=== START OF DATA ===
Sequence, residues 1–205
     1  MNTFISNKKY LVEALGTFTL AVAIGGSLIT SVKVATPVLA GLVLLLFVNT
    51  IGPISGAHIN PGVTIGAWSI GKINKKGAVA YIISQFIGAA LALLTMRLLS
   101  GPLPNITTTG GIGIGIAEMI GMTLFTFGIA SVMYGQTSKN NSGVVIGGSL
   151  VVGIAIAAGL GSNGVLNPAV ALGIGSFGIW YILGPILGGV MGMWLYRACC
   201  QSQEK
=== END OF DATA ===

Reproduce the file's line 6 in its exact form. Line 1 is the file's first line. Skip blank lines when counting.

   201  QSQEK